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Travel programming

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Tuesday, Nov 1, 2005

It makes perfect sense that airlines would show travel shows as in-flight entertainment to a captive audience. It advertises and glamorizes the product they sell. Those traveling from necessity can be encouraged to think of travel not as an enormous hassle (as it most certainly to that point the in-flight screens come down, it has) but as a potential adventure. And for those already traveling for pleasure, it is a reassuring reminder of why they are doing it, a projection of the ideal, of travel as a series of peak moments. And it caters to these travelers’ narcissism, depicting something they are already doing and glorifying it, affirming that despite the crying babies and the sub-hospital food and the stranger’s sweaty arm on your armrest, you are in fact in the midst of doing something very exciting and important and should be congratulating yourself.


But it seems odd to be indulging a daydream of travel in the midst of actually going somewhere oneself, that while traveling there are moments dull enough that watching someone else travel, daydreaming about being them, is a welcome relief. What travel programs can do, which real traveling can’t ever do, is reduce it to only compelling moments, when the traveler is completely engaged and the locals are being obliging and entirely representative, living only to provide regional color and facilitate the traveler’s experience, having no complicating motives of their own and no life when the traveler is not there to watch.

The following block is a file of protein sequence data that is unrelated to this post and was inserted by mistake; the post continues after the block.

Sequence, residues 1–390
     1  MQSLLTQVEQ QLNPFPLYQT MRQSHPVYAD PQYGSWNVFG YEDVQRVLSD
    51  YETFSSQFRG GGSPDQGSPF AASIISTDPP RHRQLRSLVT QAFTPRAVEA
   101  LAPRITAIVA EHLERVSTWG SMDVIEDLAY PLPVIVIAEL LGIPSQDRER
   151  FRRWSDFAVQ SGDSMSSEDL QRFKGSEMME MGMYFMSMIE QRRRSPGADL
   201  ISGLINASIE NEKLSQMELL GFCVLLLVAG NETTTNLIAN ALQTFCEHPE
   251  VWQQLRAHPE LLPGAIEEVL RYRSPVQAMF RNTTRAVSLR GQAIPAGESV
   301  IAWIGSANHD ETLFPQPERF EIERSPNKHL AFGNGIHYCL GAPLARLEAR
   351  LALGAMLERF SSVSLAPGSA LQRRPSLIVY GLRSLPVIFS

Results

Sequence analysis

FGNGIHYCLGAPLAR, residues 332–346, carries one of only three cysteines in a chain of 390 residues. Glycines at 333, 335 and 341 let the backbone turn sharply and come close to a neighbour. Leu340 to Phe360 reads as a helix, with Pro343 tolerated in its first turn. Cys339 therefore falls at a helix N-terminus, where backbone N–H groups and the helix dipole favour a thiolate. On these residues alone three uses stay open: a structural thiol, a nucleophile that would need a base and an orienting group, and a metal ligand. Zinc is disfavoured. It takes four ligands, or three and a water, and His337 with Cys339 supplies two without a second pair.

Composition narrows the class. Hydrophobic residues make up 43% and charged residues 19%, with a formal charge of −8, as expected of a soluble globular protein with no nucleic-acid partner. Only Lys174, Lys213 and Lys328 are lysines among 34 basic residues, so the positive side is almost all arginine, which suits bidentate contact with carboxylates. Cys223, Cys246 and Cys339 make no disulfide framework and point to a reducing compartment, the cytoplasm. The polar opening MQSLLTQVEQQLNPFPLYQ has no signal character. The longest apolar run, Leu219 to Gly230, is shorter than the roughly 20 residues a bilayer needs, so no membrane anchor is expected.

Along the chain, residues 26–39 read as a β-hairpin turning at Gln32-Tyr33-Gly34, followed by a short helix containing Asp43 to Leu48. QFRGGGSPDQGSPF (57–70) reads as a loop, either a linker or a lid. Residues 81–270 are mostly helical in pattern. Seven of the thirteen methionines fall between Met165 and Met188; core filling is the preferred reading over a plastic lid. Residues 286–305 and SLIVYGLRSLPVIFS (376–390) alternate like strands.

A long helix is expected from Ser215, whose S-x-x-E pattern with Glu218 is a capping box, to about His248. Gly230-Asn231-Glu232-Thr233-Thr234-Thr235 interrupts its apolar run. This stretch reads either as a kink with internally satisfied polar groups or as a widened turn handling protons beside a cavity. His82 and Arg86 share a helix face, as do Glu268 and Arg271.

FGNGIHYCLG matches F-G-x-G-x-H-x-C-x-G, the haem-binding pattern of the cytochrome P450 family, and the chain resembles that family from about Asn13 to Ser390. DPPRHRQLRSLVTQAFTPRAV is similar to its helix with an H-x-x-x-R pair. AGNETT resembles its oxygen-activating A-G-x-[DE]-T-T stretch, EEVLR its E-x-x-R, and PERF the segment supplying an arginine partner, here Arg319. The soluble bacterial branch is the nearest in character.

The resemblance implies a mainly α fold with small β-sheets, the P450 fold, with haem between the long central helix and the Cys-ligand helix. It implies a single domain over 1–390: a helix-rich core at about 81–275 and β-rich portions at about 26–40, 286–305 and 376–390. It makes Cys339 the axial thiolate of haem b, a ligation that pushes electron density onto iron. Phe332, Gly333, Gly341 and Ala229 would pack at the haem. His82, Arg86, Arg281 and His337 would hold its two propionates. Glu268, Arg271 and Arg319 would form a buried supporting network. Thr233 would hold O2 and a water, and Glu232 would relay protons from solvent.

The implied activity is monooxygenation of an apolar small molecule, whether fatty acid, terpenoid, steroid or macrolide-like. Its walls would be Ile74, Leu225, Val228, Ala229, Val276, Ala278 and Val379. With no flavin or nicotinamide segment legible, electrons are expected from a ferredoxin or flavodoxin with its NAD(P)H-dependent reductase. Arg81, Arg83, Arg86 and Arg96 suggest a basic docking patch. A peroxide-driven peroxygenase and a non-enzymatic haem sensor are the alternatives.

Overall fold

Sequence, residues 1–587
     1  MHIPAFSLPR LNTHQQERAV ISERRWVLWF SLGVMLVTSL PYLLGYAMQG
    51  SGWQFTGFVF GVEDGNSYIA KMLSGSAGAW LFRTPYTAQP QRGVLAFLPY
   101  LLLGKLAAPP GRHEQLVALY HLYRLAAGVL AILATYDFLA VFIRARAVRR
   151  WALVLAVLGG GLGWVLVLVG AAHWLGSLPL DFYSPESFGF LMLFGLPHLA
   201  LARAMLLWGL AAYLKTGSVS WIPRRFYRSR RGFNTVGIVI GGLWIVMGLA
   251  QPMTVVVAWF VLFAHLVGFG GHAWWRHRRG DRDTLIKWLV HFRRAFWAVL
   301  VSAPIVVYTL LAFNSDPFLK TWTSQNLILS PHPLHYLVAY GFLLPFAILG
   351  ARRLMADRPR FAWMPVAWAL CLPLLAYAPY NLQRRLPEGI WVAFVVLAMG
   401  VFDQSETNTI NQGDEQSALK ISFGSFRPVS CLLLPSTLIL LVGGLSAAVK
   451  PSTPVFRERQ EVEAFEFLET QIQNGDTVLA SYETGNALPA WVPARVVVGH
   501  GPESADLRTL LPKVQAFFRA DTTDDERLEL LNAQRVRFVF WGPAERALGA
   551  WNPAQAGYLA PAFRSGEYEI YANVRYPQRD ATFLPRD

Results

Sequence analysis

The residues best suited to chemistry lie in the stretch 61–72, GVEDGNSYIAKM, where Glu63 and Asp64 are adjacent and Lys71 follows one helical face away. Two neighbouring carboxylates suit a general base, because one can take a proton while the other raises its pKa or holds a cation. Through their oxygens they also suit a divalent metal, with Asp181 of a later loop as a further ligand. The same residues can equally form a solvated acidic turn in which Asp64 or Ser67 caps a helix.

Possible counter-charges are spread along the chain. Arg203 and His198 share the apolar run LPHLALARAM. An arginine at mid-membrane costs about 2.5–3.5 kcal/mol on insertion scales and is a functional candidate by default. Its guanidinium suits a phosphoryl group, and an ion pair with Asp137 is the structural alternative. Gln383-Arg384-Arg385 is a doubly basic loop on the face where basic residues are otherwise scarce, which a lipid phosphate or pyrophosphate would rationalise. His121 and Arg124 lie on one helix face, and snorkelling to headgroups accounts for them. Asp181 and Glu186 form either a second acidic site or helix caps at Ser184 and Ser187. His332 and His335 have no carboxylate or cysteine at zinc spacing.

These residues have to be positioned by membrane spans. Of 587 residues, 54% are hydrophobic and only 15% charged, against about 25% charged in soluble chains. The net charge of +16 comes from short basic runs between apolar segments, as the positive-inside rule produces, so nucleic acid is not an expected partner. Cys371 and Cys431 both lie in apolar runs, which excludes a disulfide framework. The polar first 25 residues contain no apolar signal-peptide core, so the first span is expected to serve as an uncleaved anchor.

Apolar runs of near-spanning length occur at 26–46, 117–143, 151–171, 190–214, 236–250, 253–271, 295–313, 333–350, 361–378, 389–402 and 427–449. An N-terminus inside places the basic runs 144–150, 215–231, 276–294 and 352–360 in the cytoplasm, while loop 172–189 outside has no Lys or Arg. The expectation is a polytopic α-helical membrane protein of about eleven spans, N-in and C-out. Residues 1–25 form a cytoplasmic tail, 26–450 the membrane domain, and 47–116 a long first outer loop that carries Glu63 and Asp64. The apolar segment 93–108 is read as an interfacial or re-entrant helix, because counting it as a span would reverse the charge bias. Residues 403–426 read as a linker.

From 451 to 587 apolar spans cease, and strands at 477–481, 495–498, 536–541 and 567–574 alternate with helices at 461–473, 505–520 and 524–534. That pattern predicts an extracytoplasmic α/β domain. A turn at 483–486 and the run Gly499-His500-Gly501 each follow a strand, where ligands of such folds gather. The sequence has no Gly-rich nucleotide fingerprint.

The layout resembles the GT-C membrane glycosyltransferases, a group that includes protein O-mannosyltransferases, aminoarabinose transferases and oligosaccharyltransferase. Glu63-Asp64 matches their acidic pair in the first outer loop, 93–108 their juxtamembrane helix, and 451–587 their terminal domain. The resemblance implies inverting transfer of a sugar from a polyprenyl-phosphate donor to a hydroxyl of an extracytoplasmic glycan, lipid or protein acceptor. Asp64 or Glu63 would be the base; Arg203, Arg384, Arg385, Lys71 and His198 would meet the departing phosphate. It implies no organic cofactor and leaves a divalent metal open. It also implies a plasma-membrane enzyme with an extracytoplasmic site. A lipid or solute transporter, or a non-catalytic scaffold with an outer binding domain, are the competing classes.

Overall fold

This fantasy travel within travel seems an inevitable consequence of experience being reified into objects for consumption. We want the peak moments compressed into a unbroken, series; we want to be surprised but in a predictable, regular fashion. But travel unfolds slowly over time, requires an ebb and flow of concentration, a patience and determination to pursue the kinds of experiences one wants and accept they may not materialize. One has to be open to unanticipated experience, one has to be willing to be surprised rather than afraid. But more than that, one has to be willing to embrace boredom and the unspectacular, otherwise one will be continually retreating in the midst of experiences to consume other people’s phony idealizations of what you’re after.

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